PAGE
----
Hobo, Interrupted, Still 'Dreams of Trains' Hopping a freight is so wonderful, says Laura Conaway, that if you do it even once you'll dream of it for the rest of your life. She dedicates Robyn Hitchcock's "I Often Dream of Trains" to William Vollmann, as the Bryant Park Project's Best Song in the World Today.

Hobo, Interrupted, Still 'Dreams of Trains'

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Now the lure of train hopping was too strong for one of our won staffers.

In a former life, our Web editor Laura Conaway and her brother both were seduced by the sights and sounds of the rails and in this best song in the world today essay. Laura explains why the experience is an ever lasting one.

LAURA CONAWAY: I haven't been on nearly as many trains as William Vollmann. In "Riding Toward Everywhere," he writes about a world of violence and addiction by the rails. I've never passed through those junctions but I have been inside a box car and I've seen the world that way.

If you ever climbed into a cold metal car and you feel the wheels kachunk into motion, that sound and the sights that go with it as the country appearing and disappearing frame by frame, they're gong to hunt you for the rest of your life. Now let's face it, trains hunt us anyway, even from a distance. They certainly hunted Hank Williams.

(Soundbite of song, "(I Heard That) Lonesome Whistle")

Mr. HANK WILLIAMS (Singer): (Singing) was ridin' Number Nine, headin' south from Caroline. I heard that lonesome whistle blow.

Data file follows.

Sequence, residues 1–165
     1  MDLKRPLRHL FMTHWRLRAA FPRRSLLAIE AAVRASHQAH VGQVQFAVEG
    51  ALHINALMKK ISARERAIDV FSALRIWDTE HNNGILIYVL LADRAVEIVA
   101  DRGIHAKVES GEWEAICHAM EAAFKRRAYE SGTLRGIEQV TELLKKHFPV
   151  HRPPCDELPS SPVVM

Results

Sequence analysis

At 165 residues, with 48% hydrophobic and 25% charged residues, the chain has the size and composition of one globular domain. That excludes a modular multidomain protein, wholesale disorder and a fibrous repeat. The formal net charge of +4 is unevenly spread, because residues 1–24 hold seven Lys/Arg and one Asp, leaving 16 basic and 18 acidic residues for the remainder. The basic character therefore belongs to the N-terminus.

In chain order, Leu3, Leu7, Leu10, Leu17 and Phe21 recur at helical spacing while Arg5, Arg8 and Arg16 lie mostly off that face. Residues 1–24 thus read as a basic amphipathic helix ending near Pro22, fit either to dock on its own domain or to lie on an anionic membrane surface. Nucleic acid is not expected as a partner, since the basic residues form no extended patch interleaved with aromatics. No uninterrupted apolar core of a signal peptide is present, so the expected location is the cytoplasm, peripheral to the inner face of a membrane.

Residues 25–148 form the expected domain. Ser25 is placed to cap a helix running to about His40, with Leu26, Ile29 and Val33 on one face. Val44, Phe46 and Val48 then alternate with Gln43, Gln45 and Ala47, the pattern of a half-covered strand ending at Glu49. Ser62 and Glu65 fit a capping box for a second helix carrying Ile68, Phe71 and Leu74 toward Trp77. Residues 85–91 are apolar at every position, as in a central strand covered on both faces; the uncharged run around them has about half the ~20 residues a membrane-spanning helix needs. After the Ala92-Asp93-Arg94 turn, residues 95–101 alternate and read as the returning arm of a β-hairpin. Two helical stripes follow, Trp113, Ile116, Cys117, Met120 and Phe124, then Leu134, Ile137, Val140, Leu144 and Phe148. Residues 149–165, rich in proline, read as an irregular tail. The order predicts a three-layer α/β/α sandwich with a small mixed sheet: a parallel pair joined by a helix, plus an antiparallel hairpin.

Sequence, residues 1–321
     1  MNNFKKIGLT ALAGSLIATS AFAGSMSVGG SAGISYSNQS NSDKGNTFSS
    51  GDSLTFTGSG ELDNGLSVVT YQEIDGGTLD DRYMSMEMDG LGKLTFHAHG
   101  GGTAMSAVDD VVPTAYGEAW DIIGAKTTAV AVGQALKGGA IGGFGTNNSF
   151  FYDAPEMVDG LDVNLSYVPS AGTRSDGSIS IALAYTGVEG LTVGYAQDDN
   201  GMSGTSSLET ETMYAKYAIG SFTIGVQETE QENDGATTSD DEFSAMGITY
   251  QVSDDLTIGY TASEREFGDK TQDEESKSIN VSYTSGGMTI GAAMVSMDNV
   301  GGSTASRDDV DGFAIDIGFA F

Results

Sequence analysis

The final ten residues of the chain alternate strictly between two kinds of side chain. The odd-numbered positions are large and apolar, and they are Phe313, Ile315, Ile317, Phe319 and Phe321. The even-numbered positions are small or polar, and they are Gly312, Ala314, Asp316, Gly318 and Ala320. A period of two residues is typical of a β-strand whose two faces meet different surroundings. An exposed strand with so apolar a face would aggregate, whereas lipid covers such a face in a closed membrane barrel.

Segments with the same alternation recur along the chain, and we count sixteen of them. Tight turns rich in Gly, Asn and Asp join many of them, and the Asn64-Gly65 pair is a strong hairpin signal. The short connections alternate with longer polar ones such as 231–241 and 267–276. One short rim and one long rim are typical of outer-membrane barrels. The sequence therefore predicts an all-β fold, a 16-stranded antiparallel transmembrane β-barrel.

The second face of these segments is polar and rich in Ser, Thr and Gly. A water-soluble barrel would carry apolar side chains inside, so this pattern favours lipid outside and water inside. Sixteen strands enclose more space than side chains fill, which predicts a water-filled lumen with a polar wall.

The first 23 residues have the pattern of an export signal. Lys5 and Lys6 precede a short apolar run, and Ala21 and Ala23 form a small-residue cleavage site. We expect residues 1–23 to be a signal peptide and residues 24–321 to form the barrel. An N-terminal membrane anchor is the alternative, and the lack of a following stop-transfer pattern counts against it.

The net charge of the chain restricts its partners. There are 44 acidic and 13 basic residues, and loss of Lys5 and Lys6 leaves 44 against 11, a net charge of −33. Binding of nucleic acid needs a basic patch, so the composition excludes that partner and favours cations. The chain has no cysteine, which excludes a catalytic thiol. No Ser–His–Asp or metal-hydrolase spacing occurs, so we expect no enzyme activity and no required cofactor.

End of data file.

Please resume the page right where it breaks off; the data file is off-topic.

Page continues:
CONAWAY: Trains show up all over our music. I hopped my first freight with a friend in New England a couple of years after college and my brain has never been the same. Being on the freight amplifies your experience of your mind, sort of the way a drug might or wearing headphones on a walk around the city, except that it's real. You really are in a box car. You really did slip past these kids playing touch football or that moose or that dog that's running to catch up with the engine. If you see the world that way, you can't unsee it. You'll plea with God for another chance at it.

(Soundbite of song, "(I Heard That) Lonesome Whistle")

Mr. WILLIAMS: (Singing) I heard that lonesome whistle blow.

CONAWAY: So I told my kid brother Brian and he started wanting it.

(Soundbite of song, "Casey Junior")

Unidentified Man: All aboard. Let's go.

CONAWAY: I should have realized how strong the trains pull on kids too.

(Soundbite of song, "Casey Junior")

FAY LOVSKY WITH THE MAGNIFICENT SEVEN (vocal group): (Singing) Casey Junior's comin' down the track. Comin' down the track with a smokey stack. Hear him puffin' comin' 'round the hill. Casey's here to thrill, every Jack and Jill.

CONAWAY: I ended up raising my brother for a good part of his childhood. Right about the time he hit 11 or 12, Ryan took to the rails and I mean really took to him. He'd go missing around supper time and then in the morning, we'd get a call from some police officer in some little town. I'd drive and go pick him up. And he come out with his back pack and all these pots and pans he tied on the back of it clattering. We throw it in the station wagon and then drive home with me pounding on the dashboard and hollered at him the entire way. Yet whenever he went away for summer camp or a visit home, I got another chance to catch out.

(Soundbite of song, "Driver 8")

R.E.M. (Rock Band): (Singing) And the train conductor says take a break Driver 8. Driver 8 take a break. We've been on this shift too long.